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Defense Secretary Lloyd Austin meets with Czech Defense Minister Jana Cernochová at the Pentagon, April 21, 2022. Austin is slated to hold talks Tuesday on Ukraine’s defense needs at Ramstein Air Base, Germany.

Defense Secretary Lloyd Austin meets with Czech Defense Minister Jana Cernochová at the Pentagon, April 21, 2022. Austin is slated to hold talks Tuesday on Ukraine’s defense needs at Ramstein Air Base, Germany. (Lisa Ferdinando/Defense Department)

KAISERSLAUTERN, Germany — Defense Secretary Lloyd Austin will discuss the war in Ukraine with his counterparts from NATO and partner nations at Ramstein Air Base on Tuesday, the Pentagon said.

“The goal (is) to bring together stakeholders from all around the world for a series of meetings on the latest Ukraine defense needs and … ensuring that Ukraine’s enduring security and sovereignty over the long term is respected and developed,” Pentagon spokesman John Kirby said Thursday.

The latest battlefield assessment of the Russian offensive in eastern Ukraine and ways to ensure security assistance continues to flow to Ukraine will be discussed, Kirby said.

The list of participants hasn’t been finalized but is expected to include some representatives from non-NATO nations.

Austin also wants to talk about Ukraine’s defense needs in a postwar environment, Kirby added.

“(Austin) believes that it’s not too soon to begin to have a longer-term discussion with allies and partners about what Ukrainian sovereignty needs to look like going forward,” he said.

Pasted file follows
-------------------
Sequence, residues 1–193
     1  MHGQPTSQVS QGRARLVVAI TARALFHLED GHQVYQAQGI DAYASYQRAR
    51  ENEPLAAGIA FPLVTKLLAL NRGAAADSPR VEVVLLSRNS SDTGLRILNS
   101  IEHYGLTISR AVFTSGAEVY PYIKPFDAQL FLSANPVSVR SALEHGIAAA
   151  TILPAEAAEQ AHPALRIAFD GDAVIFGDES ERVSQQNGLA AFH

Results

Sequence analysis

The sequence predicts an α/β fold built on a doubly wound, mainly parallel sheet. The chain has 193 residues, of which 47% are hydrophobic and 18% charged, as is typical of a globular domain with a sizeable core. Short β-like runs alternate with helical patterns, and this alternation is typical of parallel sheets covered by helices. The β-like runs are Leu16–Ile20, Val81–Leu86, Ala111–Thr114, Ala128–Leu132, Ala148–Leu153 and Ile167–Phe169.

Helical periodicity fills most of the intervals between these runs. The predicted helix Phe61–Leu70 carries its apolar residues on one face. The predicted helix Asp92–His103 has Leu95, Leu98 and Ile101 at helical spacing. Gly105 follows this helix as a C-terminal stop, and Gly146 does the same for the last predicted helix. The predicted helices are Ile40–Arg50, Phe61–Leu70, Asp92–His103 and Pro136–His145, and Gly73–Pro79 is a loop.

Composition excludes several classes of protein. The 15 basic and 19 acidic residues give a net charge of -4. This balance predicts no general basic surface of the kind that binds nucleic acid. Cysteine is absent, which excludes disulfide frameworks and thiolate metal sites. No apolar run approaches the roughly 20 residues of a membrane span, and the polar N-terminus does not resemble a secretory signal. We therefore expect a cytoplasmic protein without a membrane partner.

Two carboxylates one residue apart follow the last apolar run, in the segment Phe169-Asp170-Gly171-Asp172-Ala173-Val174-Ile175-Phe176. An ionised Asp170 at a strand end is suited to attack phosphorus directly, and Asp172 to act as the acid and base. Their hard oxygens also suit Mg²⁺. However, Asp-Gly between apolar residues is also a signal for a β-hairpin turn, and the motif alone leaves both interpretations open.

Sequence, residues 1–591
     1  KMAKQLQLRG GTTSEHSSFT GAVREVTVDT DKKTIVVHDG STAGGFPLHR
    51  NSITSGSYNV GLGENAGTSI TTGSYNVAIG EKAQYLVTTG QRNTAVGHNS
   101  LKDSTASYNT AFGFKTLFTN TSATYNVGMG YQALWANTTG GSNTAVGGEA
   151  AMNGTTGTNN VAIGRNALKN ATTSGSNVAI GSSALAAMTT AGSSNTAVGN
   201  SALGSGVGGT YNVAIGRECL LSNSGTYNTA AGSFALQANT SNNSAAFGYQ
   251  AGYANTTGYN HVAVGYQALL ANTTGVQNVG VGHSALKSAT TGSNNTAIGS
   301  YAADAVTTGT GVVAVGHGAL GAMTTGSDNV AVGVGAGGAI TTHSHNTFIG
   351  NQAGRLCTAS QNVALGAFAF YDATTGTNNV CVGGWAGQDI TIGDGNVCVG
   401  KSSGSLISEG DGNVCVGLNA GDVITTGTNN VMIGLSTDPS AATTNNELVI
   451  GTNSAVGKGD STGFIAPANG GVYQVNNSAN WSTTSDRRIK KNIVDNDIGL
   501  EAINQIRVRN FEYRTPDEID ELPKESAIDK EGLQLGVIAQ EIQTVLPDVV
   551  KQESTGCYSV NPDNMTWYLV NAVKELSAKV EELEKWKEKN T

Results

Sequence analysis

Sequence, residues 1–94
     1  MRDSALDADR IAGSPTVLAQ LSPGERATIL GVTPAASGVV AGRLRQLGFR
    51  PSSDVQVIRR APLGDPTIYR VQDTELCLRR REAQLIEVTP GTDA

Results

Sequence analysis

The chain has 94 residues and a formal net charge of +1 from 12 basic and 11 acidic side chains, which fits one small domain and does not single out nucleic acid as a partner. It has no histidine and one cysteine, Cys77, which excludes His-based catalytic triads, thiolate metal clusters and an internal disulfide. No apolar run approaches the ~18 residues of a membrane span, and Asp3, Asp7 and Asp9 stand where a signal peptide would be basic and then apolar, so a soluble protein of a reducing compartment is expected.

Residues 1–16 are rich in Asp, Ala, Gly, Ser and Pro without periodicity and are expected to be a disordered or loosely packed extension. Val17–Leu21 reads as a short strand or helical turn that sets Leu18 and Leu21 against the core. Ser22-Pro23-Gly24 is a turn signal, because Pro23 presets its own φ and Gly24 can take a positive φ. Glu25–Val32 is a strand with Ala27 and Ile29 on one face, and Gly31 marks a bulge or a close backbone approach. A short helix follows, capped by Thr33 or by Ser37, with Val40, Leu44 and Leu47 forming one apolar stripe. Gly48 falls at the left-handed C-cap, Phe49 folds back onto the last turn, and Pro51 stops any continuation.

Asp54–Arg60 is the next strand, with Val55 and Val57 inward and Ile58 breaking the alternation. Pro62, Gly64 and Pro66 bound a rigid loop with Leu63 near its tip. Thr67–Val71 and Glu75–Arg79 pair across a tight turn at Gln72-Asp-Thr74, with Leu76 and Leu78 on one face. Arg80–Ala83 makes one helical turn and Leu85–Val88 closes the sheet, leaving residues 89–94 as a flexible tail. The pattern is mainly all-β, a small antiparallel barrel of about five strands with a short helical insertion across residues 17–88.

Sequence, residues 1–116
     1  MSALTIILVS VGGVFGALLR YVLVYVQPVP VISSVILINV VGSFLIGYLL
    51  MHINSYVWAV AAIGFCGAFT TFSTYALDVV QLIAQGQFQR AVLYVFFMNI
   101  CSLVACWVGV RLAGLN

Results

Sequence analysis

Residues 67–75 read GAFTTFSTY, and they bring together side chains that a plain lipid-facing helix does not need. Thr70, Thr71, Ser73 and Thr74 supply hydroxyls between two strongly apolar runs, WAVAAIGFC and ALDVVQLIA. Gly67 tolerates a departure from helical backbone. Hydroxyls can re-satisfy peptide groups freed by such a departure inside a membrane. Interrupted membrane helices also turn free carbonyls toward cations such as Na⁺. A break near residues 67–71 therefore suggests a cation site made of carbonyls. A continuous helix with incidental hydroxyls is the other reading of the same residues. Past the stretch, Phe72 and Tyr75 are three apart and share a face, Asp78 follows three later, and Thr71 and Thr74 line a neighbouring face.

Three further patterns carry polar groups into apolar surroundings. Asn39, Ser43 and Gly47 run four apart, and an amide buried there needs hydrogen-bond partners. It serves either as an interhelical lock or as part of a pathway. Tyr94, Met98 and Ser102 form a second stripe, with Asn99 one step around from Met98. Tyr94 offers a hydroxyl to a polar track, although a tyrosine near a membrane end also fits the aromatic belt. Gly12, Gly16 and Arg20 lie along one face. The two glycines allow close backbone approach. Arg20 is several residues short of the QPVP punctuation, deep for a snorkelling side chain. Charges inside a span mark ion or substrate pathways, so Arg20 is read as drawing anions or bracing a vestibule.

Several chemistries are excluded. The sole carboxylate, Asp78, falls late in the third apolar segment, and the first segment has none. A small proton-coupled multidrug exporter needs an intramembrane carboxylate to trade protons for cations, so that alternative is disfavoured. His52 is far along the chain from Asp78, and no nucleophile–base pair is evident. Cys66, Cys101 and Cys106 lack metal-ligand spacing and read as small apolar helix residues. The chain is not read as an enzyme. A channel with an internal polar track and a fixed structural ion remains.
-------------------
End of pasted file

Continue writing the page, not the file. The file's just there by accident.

At least 30 countries have provided Ukraine with military assistance since Russia launched a full-scale invasion of the country on Feb. 24.

Russia has doubled down on its efforts to seize control of the Donbas region in eastern Ukraine, following unsuccessful attempts to conquer the capital of Kyiv.

The Pentagon announced Thursday an additional $800 million in military aid to Ukraine, to include 72 155 mm howitzers and 72 tactical vehicles to tow them. The U.S. also will send 144,000 artillery rounds for the howitzers and 121 Phoenix Ghost tactical drones.

The attack-focused drones were “developed for a set of requirements that very closely match” what Ukraine needs to fight in the Donbas region, Kirby said.

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Jennifer reports on the U.S. military from Kaiserslautern, Germany, where she writes about the Air Force, Army and DODEA schools. She’s had previous assignments for Stars and Stripes in Japan, reporting from Yokota and Misawa air bases. Before Stripes, she worked for daily newspapers in Wyoming and Colorado. She’s a graduate of the College of William and Mary in Virginia.
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